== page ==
Sunday, May 14, 2006


Thank you, Toronto, for making our first-ever Mamapalooza a runaway success! Watch for pictures and recap in days to come.

After we finish exhaling, we will turn the page and start planning Mamapalooza 2007.


Saturday, May 13, 2006


She rocks, she rolls, she's, uh, your mom?

With titles like 'I Hate My (expletive) Family,' Mom rock gets some credibility

Special to The Globe and Mail

MAY 13, 2006 -- Rock music has been about many things. Sex, politics, more beer. But "self empowerment"? Never. Until that is, the birth of "mom rock." As a genre, mom rock is very much about such things: empowerment, self- expression, creative voices of mothers. Still, it's a remarkably earnest-free zone. Its bands have names like HRT, Housewives on Prozac, the Mydols and Placenta, and their song titles run to the wackily domestic -- Eat Your Damn Spaghetti, Born to Iron or Pick Up Your Socks.

Although hounding kids to clean up and eat their meals when served is a preoccupation of parents everywhere, the majority of mom rockers hail from the suburbs. Some even embrace the image. Take for example the Mydols, whose slogan is "rockin' soccer moms." Others send it up -- mom-rocker Lynda Kraar does a countrified number called Suburban White in a White Suburban, satirizing the clich├ęs of privileged suburban motherhood. And like all bands recently hatched in garages and family rooms, mom-rockers tend to the jam-band sound of the freshly initiated, whether they're punky, pop or hard rockin.' The music is usually wildly enthusiastic, often giddily amateurish, and occasionally quite good.

Mom rock became a bona fide movement courtesy of Mamapalooza, an event first held in New York in 2002, a gathering of musicians, comedians, and spoken-word artists -- all of whom were mothers. Today, Family Circle magazine sponsors Mamapalooza, which takes place in 30 locales. Its inaugural Canadian incarnation on Sunday -- Mother's Day -- will be held at Toronto's Lula Lounge. Joy Rose, Mamapalooza's founder and lead singer of Housewives on Prozac, says Mamapalooza strives to create "a safe, generous experience where artists of all backgrounds can freely express themselves and feel supported."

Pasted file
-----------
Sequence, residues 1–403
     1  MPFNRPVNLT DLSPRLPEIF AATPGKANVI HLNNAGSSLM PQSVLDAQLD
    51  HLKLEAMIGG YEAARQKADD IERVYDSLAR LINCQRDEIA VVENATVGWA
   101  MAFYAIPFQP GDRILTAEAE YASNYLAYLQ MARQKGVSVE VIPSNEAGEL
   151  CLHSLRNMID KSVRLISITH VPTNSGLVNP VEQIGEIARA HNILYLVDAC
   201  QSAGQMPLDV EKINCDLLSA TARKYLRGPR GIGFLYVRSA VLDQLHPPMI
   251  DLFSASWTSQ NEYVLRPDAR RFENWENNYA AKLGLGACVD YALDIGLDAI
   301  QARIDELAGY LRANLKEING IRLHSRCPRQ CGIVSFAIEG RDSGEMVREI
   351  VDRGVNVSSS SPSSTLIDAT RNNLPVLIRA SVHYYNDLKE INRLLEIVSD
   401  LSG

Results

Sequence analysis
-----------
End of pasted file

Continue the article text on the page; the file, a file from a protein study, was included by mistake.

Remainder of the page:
Of course, pre-Mamapalooza there already were rockers who happened to be moms, without the benefits of organized support. It's difficult to imagine, say, Chrissie Hynde (front woman of the Pretenders, now into her 50s and the mother of two daughters) fretting about whether she was having a safe experience when she'd rip into Bad Boys Get Spanked. Hynde, and the pitifully few like her, have never been part of any movement, unless you count their automatic status as a visible minority.

For mom rock to matter, musically, it would have to create more Chrissie Hyndes, more Bonnie Raitts and Annie Lennoxes -- something that hasn't happened to date. Instead, it's possible to view mom rock as potentially undermining the legacy of women who actually made it in the boys 'n' guitars world on their musical strengths. The sassy jokiness that is one of the charms of mom rock bands is also what makes it all too easy to dismiss the music they make. That's a reality that some mom rockers, such as HRT, (who count AC/DC and the Rolling Stones as primary influences), admit is worrisome. HRT guitarist Marlane Pinkowitz says the "gimmick angle" is a double-edged sword.

"In one way, mom rock does represent what we are about," she says, "because we are moms who rock. We certainly started out that way. But as we grow musically we are playing less on the fact that we are moms who rock and more on being women -- and a band -- that rocks hard and rocks good."

HRT, who wisecrack that as they get older their acronym can double for hip-replacement therapy, don't consider their music a hobby, and steer away from cutesy song titles, writing numbers like I Hate My Fucking Family instead. But musically speaking they're newbies -- only one of the group's members had played before the mom-rock movement inspired them to form a band.